Use of Force Board


Accountability has long been a problem for the Las Vegas Metropolitan Police Department, especially when it comes to officers who shoot people. Year after year, the public saw officers who made obviously terrible decisions, resulting from inexcusable mistakes, keep their jobs despite injuring or killing civilians. Too often, the review process was a joke, a pointless exercise in rubber-stamping.

All that was supposed to change in the wake of an award-winning 2011 Review-Journal investigation that prompted multiple reviews and reforms in the way police were trained and how officer shootings were investigated.

With one decision, Clark County Sheriff Doug Gillespie has set back some of the gains his department had made in changing its culture and restoring the public’s trust. He has decided to retain yet another officer who should have lost his job.

In April, the department’s Use of Force Board recommended firing officer Jacquar Roston, who shot an unarmed man in the leg in 2012. The board was revamped following the Review-Journal investigation and a U.S. Department of Justice review. The Roston case marked the first time the board had recommended termination over an on-duty shooting.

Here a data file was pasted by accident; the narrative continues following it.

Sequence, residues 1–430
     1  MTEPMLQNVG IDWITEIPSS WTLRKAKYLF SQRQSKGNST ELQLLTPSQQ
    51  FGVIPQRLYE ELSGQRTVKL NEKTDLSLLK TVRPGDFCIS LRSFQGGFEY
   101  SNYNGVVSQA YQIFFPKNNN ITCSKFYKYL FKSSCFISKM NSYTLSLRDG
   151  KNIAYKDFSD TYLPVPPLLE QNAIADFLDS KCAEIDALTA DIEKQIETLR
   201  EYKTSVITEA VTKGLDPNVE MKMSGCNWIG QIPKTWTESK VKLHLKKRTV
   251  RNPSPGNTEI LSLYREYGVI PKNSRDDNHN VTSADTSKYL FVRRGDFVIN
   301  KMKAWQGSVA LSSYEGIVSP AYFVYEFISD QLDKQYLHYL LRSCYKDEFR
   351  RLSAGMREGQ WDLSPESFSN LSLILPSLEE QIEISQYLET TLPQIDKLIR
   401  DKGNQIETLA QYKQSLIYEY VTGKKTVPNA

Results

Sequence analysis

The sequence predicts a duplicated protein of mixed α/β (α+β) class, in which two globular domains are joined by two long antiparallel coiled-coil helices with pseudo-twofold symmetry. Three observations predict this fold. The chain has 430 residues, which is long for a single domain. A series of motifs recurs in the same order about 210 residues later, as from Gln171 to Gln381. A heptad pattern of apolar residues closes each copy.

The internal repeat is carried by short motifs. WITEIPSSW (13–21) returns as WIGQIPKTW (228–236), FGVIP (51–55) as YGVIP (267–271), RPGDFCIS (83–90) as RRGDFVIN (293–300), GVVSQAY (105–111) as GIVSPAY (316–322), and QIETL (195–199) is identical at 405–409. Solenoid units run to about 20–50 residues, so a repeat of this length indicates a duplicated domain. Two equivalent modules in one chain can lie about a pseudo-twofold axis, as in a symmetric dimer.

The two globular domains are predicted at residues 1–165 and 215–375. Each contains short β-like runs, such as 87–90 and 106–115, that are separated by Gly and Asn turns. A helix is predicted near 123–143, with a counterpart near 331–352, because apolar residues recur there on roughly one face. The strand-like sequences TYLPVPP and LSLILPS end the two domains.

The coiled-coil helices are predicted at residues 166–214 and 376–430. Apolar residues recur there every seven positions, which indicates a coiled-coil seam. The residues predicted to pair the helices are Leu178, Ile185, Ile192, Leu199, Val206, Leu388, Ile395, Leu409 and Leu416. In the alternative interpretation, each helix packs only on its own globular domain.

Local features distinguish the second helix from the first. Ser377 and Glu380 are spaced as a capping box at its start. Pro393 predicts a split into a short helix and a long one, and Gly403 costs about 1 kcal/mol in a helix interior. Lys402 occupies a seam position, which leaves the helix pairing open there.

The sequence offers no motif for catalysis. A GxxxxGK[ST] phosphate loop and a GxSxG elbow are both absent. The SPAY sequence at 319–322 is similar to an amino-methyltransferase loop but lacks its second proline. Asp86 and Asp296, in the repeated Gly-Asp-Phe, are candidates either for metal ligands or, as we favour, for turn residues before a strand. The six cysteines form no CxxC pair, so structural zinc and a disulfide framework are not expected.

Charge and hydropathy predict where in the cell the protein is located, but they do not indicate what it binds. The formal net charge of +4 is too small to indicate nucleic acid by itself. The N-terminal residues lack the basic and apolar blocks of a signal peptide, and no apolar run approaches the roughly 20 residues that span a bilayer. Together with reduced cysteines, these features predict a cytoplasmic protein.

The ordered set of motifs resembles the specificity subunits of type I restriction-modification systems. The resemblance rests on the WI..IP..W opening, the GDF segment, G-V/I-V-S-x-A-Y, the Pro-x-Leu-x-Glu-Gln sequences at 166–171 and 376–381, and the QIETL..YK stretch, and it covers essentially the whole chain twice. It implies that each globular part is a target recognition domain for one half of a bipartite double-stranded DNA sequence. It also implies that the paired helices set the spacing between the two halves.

Mr. Roston was confrontational and unapologetic during the review and said he wouldn’t change how he handled the incident. But during his subsequent pre-termination hearing, he toned down his abrasiveness and took responsibility. That hearing board recommended a one-week suspension, and Mr. Gillespie supported the reduced discipline.

On Wednesday, five civilian members of the Use of Force Board resigned over the sheriff’s decision: co-chairman Robert Martinez, Glenn Rinehimer, Sandra Eddy, Jay Shafritz and Miriam Rodriguez. The other co-chairman, Assistant Sheriff Ted Moody, retired two weeks ago. The Review-Journal’s Mike Blasky reported Thursday that Mr. Moody’s peers said he was disappointed with Mr. Gillespie’s decision.

“I can no longer support the Department’s consistent effort to minimize openness and transparency,” Mr. Martinez wrote in his letter of resignation to Mr. Gillespie, ripping his decision to side with “the employee and ignore the conclusions of the members of the civilian population specifically assigned to scrutinize these matters.”

These citizens should be applauded for taking their responsibilities so seriously. They were supposed to be part of an improved process, one with integrity. Now Mr. Gillespie has created doubts about that integrity.

If the Use of Force Board’s work doesn’t warrant proper consideration from the sheriff, then it’s time to go back to the drawing board and construct a transparent review process with teeth.

 

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